By Francis M. Smith
In the majority of cases when an motor vehicle collision takes place, the cause can usually be traced to an error or lapse in attention on the part of either someone involved in the crash, or someone who contributed more indirectly to the situation (through faulty vehicle repair, poor road maintenance, and so on). More often than not, however, one or more of the parties involved in the accident will ultimately prove culpable. Everyone who uses the roads has a duty of care toward all other road users to conduct themselves in a reasonably safe and predictable manner in accordance with traffic laws. This includes both motorists and pedestrians, though of course the laws that apply to pedestrians differ from those governing automobiles and trucks. When an auto or truck accident involving a pedestrian occurs, both sets of legal responsibilities are examined to determine where the fault for the accident lies.
Unsurprisingly, given that cars and trucks are large, heavy, fast-moving objects that afford their occupants a huge measure of protection in the event of a collision, the duty of care that drivers hold toward pedestrians is significant, and the legal consequences for breaching pedestrian safety laws are significantly higher for drivers than for pedestrians, even if no accident results. Failure to adhere to crosswalk laws can earn drivers a $200 fine, 15 days of community service, and four points to their licenses. Pedestrians do bear some responsibility of their own, however, as demonstrated by the $54 fine and community service sentences they may receive for failing to yield when appropriate. Of course, in the event that an accident ensues and someone is injured, the consequences for the party deemed at fault may far exceed the cost of a traffic ticket, especially in non-economic terms of pain and suffering and other losses.
As of April 2010, motorists are required to stop (and remain stopped) to allow the crossing of any pedestrian in a marked crosswalk. Likewise, if the motorist is taking a right turn at a red light, stop sign, or yield sign, he must stop and wait for any pedestrian in a crosswalk bridging the road he is turning onto. In addition, if a pedestrian is already in the midst of crossing the street, a driver must stop and wait if the pedestrian is within one lane of his side of the road, regardless of the presence of a marked crosswalk. Motorists behind the stopped driver may not try to pass a vehicle that is stopped for a pedestrian.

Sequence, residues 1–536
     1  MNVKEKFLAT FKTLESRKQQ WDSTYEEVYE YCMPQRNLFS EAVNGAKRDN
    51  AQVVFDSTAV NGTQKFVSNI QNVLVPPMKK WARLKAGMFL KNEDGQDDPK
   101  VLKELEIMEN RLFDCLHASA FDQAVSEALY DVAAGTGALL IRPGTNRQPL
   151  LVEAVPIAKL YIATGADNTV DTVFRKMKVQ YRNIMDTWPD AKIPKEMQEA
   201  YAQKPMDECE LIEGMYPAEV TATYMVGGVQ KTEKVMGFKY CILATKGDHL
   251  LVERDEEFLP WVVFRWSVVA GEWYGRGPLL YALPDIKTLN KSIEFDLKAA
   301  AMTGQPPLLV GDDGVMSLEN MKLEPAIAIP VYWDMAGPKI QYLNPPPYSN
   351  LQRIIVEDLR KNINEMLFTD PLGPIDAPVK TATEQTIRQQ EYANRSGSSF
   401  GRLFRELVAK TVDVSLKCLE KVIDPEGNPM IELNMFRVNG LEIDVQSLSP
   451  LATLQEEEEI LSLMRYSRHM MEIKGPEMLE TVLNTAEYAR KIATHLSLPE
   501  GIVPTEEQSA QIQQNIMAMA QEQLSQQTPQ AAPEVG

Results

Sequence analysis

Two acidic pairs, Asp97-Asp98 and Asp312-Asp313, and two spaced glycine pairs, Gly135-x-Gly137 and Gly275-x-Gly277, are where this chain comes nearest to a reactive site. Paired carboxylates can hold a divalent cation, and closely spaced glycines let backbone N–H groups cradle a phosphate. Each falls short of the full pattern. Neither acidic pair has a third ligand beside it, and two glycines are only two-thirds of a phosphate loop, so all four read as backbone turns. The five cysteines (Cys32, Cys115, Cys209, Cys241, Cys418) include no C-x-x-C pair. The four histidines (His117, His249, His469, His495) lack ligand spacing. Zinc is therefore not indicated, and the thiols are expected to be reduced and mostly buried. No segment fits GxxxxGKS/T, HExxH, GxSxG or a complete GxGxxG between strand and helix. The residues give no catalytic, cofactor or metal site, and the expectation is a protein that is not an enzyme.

Intersections without marked crosswalks or other traffic indicators are considered “unmarked crosswalks,” and pedestrians may cross at such intersections; drivers are required to yield the right of way to pedestrians crossing the street at such unmarked crosswalks. Overall, drivers are legally expected to exercise due care for the safety of any pedestrian who enters the road. Again, due to the difference in power between a motorist and a pedestrian with respect to the speed of an automobile, its size, and the protection it affords its occupants, the law states that if a pedestrian automotive accident occurs when the pedestrian is within a marked crosswalk or crossing at an unmarked crosswalk at an intersection, there is a permissive inference that the driver failed to exercise due care for the pedestrian’s safety. “Permissive inference” is a legal term that means a jury is allowed to assume that the fact of a pedestrian accident under those circumstances implies the driver’s failure in their duty of care.
Although a pedestrian has less power to injure a driver than the reverse, pedestrians still have a statutory duty of care, as outlined in traffic laws. Specifically, pedestrians are required to yield the right of way to motorists when crossing the road at any point outside of a marked crosswalk or the unmarked crosswalk of an intersection. Likewise, if the pedestrian is crossing at an intersection with traffic signals and oncoming traffic has a green signal while the pedestrian does not, the pedestrian must yield. Where accessible sidewalks exist, pedestrians must use these instead of walking in the roadway; in the absence of sidewalks, pedestrians must walk on the extreme left side or shoulder of the road, facing oncoming traffic. A pedestrian may never cross a road with a median barrier separating cars traveling in opposing directions, unless a designated pedestrian crossing area is provided. Pedestrians must not enter the roadway in the path of an oncoming vehicle that is too close for the driver to stop or yield, and must otherwise exercise due care for their own safety. This last provision is necessarily subjective, and many arguments involving liability and fault in an accident revolve around whether a driver “could have stopped” or not. This is why it’s crucial for pedestrians injured in car accidents to have an experienced personal injury lawyer on their side: so fault is appropriately determined and they receive the fair compensation they deserve. It is always the duty of a driver of an automobile or a truck to exercise "due care" under all the circumstances prevailing at the time, and it is up to your attorney to fully develop those circumstances to prove your case.